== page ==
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Buddhadharma : Spring 2015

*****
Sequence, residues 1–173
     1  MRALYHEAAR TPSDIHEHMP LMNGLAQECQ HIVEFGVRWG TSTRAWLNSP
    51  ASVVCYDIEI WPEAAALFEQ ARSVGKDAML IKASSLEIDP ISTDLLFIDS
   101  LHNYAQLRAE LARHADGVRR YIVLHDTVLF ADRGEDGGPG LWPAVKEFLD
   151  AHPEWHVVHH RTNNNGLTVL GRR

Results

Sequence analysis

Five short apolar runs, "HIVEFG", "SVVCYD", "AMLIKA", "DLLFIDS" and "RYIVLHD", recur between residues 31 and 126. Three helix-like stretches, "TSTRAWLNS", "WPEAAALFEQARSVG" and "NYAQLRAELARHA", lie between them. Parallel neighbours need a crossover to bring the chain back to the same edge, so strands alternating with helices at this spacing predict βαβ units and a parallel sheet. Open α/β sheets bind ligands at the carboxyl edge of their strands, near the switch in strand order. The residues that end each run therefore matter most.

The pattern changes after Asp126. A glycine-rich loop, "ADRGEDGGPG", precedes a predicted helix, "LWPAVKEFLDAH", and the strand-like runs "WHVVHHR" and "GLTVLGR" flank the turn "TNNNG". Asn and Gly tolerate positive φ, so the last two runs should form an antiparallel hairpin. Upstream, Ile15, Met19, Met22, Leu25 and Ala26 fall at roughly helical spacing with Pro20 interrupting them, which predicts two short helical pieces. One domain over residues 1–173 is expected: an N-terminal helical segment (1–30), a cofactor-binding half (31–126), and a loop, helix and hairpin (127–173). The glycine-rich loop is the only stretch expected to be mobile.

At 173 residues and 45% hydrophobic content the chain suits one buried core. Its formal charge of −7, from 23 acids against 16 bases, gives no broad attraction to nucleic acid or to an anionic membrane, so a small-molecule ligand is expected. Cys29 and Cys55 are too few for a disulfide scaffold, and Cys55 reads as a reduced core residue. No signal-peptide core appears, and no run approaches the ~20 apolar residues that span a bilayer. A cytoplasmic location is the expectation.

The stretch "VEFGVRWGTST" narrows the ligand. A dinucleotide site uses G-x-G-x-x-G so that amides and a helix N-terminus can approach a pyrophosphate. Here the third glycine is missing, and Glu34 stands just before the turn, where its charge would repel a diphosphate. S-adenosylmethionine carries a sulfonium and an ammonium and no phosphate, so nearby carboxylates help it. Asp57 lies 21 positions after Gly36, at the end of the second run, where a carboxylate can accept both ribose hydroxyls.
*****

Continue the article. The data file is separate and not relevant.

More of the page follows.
28 buddhadharma: the practitioner’s quarterly spring 2 0 1 5 achieving something in the future. These are bound up with ego, or what we call self-view. Awakening is always something immediate: we awaken. But to what? To things we haven’t seen before. So the Bud- dha’s teaching is pointing out things that are always there but that perhaps we have not yet noticed. This is how Buddhist concepts can help us. They can awaken us to aspects of our experience that we need to understand in order to be free. They are not just ideas that we put away until our next exam in Buddhism; they are principles and con- cepts, lenses through which we look at life. We can choose to take up a conceptual structure like the three characteristics of existence—impermanence (anicca), unsatisfactoriness (dukkha), and not-self (anatta)—and explore how we might apply that to our experience. For example, anatta is the teaching that this mind and body are not self. But if I’m not this body and I’m not this mind, then who am I? The mind begins to question. The question directs the mind and starts to awaken us. The beauty of the Buddha’s teaching is that it allows for doubt and uses it in a way to liberate the mind. Or take a teaching like anicca: “That which has a nature to arise has a nature to cease.” Begin to look at life through that lens. Life’s experiences are varied; if you’re always caught up in experiences, it’s very confusing. But through the lens of this teaching, you see that that which has the nature to arise also has the nature to cease. It’s not personal. In this way, you begin to discover the nature of your conscious experience, because you’re no longer attached to it. You start to recognize things about experience that you’ve never noticed before—for example, that an angry thought is not yours. It’s a condition of nature; it arises and ceases. Perhaps you can then begin to let go of guilt and anger, see- ing them as not personal, not-self. You have discov- ered something. Often we talk about dukkha, or unsatisfactori- ness, in terms of conflict. We all have conflict in our lives, but before I came across this teaching, I was always trying to get rid of conflict. I was try- ing to be a nice guy if I was angry, get rid of greed if I was obsessed with greed, and distract my mind if I got bored. So there was this random attempt to somehow get around conflict. But when I heard the This fundamental commitment to a structure gives us the freedom to watch our mind. Can you translate that into your own life? Your family, your job, your relationships—these can all be vehicles for spiritual understanding if you accept that within them there will be frustrations. It’s important not to always try to rearrange things to fulfill personal desires and needs. Obviously, if the situation is harmful in some way, then you have to make a change. But the usual humdrum, annoying stuff of life is actually the stuff of enlightenment, if we are willing to observe how it is. So commitment is important. This is what the robe is—a symbol of commitment. Responsibility can also be used as commitment, or it can be seen as a burden. I can take on the responsibility of being the senior monk and have a martyr syndrome about it: “Oh, poor me, I have to be the senior monk.” Or I can feel great about it: “Wow! Look at me, I’m the senior monk.” Or I can just see it as a convention: “I’m the senior monk. I’d prefer to be a fly on the wall, but here I am—senior monk.” Then I can watch what it does to me—whether there’s like or dislike, or a feeling that I’m doing it well or that I’m hopeless. I can observe how the mind functions within that situation rather than change or rearrange the situation according to my personal opinion. You can apply this to your own situation. Ask yourself, “What happens to me at work?” Work is not always going to be fulfilling. It can be boring, frustrating, or annoying. Still, we can make use of that commitment. If we’re always shifting according to personal desire, we can never really understand how it operates in the mind. So commitment is fundamental to understanding our human mind. And within commitment, there are three important aspects to examine: discov- ery, training, and purification. Discovery (sometimes called vipas- sana) is fundamental; after all, the Buddhist way is the way of awaken- ing. It’s not the way of getting rid of or AJAhn VirAdhAmmo is abbot of tisarana Buddhist monastery located near Perth, ontario. he took bhikkhu ordination in 1974 with Ajahn chah.